HONG KONG • The Hong Kong police watchdog is unequipped to investigate the force's handling of months of protests, a panel of international experts appointed by the city's government has found.
Despite five months of increasingly violent protests, the government has refused to give in to most of the movement's demands - one of which is an independent inquiry into the police. Chief Executive Carrie Lam has repeatedly dismissed calls for an independent probe, saying the watchdog - the Independent Police Complaints Commission (IPCC) - is up to the job.
Protesters argue that the IPCC lacks adequate investigatory powers, is stacked with pro-establishment figures and has previously been toothless when it comes to holding the police to account.
In September, Mrs Lam appointed a panel of independent experts to advise the watchdog. The panel includes policing specialists from Britain, Canada and New Zealand. It has now issued a damning assessment of the IPCC's ability and suggested a fully independent inquiry would be better suited.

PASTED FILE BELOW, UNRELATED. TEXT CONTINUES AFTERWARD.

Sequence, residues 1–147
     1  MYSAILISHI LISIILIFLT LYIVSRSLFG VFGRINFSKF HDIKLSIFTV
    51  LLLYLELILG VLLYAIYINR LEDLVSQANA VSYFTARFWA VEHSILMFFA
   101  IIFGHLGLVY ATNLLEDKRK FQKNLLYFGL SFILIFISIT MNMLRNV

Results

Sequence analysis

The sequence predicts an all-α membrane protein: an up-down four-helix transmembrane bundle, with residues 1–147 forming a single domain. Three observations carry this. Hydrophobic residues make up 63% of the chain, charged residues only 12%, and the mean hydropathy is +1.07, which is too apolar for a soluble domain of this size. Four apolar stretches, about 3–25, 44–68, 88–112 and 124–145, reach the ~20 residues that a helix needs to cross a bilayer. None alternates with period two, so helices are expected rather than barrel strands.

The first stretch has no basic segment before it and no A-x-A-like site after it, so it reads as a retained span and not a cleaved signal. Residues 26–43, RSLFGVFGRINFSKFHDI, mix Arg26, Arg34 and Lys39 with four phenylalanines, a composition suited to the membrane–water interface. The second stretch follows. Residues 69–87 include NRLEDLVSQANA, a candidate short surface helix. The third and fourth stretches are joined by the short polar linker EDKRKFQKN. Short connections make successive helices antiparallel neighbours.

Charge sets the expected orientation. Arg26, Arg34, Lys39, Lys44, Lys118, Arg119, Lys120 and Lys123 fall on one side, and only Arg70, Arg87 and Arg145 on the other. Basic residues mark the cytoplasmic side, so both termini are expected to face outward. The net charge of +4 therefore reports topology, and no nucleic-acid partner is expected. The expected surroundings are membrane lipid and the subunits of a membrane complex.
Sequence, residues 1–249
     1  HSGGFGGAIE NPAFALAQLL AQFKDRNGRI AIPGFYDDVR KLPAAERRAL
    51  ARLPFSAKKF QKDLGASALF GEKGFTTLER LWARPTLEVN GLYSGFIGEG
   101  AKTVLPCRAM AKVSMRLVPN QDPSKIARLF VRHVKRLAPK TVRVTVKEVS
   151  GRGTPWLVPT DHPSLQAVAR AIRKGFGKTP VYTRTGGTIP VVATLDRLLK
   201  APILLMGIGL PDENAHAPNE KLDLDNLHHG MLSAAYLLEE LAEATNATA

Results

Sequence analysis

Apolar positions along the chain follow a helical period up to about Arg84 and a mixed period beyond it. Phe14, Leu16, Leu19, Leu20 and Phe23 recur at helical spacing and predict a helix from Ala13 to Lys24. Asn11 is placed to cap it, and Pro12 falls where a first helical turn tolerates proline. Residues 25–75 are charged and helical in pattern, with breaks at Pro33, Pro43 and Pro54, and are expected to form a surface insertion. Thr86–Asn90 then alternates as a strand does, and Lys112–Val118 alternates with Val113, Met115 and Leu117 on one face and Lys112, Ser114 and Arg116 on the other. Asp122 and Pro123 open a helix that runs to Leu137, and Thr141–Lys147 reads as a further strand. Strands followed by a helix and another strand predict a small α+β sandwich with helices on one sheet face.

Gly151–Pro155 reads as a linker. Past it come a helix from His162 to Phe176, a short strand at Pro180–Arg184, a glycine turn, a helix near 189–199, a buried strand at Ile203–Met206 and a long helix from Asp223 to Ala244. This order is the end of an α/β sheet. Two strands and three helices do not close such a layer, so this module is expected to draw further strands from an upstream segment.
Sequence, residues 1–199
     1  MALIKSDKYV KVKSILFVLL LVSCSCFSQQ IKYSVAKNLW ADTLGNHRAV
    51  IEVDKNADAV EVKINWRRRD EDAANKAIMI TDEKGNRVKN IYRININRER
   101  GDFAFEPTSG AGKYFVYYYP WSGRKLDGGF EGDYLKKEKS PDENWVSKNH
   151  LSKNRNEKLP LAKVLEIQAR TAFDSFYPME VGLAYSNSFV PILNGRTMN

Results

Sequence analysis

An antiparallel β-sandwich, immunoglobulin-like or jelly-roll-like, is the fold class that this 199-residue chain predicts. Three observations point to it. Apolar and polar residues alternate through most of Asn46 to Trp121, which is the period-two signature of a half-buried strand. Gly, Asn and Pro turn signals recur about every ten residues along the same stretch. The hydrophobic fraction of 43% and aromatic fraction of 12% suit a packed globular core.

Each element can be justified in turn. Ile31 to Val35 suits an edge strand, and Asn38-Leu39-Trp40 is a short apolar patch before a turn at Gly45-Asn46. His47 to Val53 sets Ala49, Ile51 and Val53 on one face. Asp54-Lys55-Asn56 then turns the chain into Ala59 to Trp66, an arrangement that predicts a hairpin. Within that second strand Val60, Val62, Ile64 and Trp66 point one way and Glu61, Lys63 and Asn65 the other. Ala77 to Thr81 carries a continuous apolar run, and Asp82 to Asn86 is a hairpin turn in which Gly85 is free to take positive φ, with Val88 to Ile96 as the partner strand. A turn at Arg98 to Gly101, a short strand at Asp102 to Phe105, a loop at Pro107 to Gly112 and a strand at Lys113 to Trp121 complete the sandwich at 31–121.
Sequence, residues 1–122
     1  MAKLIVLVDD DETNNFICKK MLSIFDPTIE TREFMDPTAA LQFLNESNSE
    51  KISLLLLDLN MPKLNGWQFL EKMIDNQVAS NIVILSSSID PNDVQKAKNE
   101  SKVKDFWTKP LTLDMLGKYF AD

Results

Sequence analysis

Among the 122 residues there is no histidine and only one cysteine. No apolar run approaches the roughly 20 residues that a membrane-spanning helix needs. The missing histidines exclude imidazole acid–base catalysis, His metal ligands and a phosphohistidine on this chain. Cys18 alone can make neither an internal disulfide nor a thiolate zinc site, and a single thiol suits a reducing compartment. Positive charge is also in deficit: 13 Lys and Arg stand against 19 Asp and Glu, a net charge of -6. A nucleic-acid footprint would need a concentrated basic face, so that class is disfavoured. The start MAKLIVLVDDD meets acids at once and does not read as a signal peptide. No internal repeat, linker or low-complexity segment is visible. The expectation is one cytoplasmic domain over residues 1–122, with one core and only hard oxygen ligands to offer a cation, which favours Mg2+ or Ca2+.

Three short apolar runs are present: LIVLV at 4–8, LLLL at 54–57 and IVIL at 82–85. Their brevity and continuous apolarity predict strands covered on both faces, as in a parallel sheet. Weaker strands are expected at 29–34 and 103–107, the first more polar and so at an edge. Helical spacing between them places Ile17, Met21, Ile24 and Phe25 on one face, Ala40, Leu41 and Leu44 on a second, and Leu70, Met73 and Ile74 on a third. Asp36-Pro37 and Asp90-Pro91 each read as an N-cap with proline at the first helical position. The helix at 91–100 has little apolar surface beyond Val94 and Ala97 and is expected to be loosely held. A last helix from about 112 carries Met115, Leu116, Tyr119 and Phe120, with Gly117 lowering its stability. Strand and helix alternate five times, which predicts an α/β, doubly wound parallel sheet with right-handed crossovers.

The report, dated Nov 8, found "a shortfall in IPCC powers, capacity and independent investigative capability necessary to match the scale of events and the standards required of an international police watchdog operating in a city that values freedoms and rights".
The panel said if resources were enhanced, the IPCC might be able to issue an interim report "with limited, but sufficient facts". But there was a compelling case for a "deeper, more comprehensive inquiry...by an independent body with requisite powers". The report was not available on the IPCC's website. It was posted on Twitter on Saturday by panel member Clifford Stott.
The panel's conclusion is an embarrassment for Mrs Lam. "This panel... was hand-picked by the government... (The statement) only reinforces the urgency of an independent inquiry," said Hong Kong-based lawyer Antony Dapiran.